As a writer you write in isolation, but theatre is all about community, playwright Deborah Stein told a group of donors on November 30, 2017 at a special Artists and Educators Forum event at the home of Jody and David Lippman. She went on to explain the value of Center Theatre Group’s L.A. Writers’ Workshop, which creates a community for a group of local playwrights each year as they create new works.
To have a writers’ group like this is a lifeline. It keeps you going. Self-doubt creeps in while you’re all by yourself, she said.
To hear your work out loud and get the validation of people laughing where you put a joke, or being moved—or even asking questions and people being confused by things—is very useful.
Miles and Joni Benickes founded the Artists and Educators Forum five years ago to support Center Theatre Group programs like the L.A. Writers’ Workshop. Events such as the evening at the Lippmans’ are one benefit members enjoy.
We can pull the curtain back and find out what happens in the creative process, said Miles in his introduction to the evening.
How does great art get up onstage? In order to find out, he turned the conversation over to Center Theatre Group Teaching Artist Leslie Ishii.
Ishii was moderating a discussion between Stein, who wrote and codirected The Wholehearted, which played the Kirk Douglas Theatre in December 2016, and playwright Dominique Morisseau, whose recent work includes the book for Ain’t Too Proud—The Temptations Musical (onstage at the Ahmanson Theatre August 21 – September 30, 2018) and Pipeline (Lincoln Center Theater). Both playwrights participated in the 2016/17 L.A. Writers’ Workshop.
The writers met once a month beginning in December, just after the presidential election; three writers brought 20-30 pages of new writing to each meeting.
It was a really special year to have this community of artists—to have this vehicle and this place and this community to be working through all these things that were coming up, said Stein.
One of the special things about the group is we’re there strictly because Center Theatre Group makes so much space for the wide range of our creative exploration, said Morisseau.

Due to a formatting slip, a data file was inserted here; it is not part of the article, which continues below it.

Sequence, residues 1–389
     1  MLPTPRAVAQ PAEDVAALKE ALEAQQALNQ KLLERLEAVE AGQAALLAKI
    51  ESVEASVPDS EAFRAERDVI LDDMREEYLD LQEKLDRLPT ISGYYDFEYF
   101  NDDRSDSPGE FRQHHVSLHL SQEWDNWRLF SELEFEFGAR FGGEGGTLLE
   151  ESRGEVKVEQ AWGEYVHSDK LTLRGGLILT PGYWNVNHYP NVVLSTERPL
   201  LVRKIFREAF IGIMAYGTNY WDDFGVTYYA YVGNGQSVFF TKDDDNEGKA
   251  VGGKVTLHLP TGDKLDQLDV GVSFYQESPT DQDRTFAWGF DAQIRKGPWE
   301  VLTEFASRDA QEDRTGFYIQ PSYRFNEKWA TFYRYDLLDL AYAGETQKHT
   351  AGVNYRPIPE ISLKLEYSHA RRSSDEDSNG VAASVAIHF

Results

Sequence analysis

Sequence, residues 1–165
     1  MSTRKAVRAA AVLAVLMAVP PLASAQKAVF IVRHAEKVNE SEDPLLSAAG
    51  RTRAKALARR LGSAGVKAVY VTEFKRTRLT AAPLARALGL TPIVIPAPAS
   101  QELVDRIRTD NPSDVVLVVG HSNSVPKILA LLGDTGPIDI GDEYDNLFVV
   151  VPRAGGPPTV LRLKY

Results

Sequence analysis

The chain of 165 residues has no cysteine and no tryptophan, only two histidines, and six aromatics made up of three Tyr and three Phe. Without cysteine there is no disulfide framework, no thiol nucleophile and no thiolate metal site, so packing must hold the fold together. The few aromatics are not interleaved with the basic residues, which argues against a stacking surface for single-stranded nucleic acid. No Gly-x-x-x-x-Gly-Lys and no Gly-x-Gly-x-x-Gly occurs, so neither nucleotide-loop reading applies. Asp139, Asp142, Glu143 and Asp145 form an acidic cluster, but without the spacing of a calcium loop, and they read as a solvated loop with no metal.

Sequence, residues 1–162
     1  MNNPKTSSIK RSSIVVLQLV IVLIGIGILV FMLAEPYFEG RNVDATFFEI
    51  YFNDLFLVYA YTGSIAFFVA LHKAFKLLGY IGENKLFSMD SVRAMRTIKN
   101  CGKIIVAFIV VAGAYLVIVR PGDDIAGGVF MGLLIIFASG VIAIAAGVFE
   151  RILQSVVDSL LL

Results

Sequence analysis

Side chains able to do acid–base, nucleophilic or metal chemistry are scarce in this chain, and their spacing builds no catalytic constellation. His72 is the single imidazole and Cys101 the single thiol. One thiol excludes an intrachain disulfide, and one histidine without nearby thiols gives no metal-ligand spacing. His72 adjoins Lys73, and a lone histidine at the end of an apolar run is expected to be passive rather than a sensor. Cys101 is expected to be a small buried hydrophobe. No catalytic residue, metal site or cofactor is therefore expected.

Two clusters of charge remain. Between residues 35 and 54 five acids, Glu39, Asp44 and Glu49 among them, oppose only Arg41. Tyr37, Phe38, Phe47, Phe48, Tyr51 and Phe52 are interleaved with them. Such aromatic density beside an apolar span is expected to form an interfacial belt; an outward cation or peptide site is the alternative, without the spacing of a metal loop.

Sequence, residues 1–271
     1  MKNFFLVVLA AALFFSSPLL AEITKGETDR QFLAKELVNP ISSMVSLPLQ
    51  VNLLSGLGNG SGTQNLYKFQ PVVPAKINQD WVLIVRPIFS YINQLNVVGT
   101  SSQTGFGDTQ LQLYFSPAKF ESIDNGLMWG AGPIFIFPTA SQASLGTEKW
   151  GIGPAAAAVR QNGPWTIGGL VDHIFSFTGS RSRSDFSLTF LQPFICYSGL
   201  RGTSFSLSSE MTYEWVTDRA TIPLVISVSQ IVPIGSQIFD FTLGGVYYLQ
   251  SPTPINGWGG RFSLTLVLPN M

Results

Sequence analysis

We were all able to support each other’s different ideas and help each other cultivate the different stories we wanted to tell on our own. She was grateful for the group’s diversity as well.
I had a very emotional moment in our last three-day retreat, where I looked around at our group, I looked at the stories we were telling, I looked at the kind of actors we were going to have in the room because of the kind of stories we were writing, and I thought, 'Oh this is the community I want to live in,' she recalled.
I felt so full, learning from all these artists and their cultural perspectives.
Morisseau, who is also a writer on Showtime’s Shameless, talked about how important it is to keep writing for the stage while also writing for the screen. The L.A. Writers’ Workshop
saved my life artistically because you don’t want to let go of one side of what you do because you’re branching out into other sides, she said.
After the initial conversation, Stein and Morisseau each read a brief excerpt from the plays they wrote in the Writers’ Workshop, followed by a question-and-answer session with donors.
I loved the evening at the Lippmans’ for so many reasons, said Center Theatre Group Board Member Monica Horan Rosenthal.
The playwrights were both so articulate and compelling when reading their outstanding work and sharing insights into their processes. But I was also moved and inspired by comments made by donors present who shared their passion for deepening the culture of our city and cultivating an audience from the spectrum of its population by developing great work.
The L.A. Writers' Workshop invites seven local playwrights to spend a year researching and writing a new work while receiving feedback from their fellow writers and Center Theatre Group staff.Learn More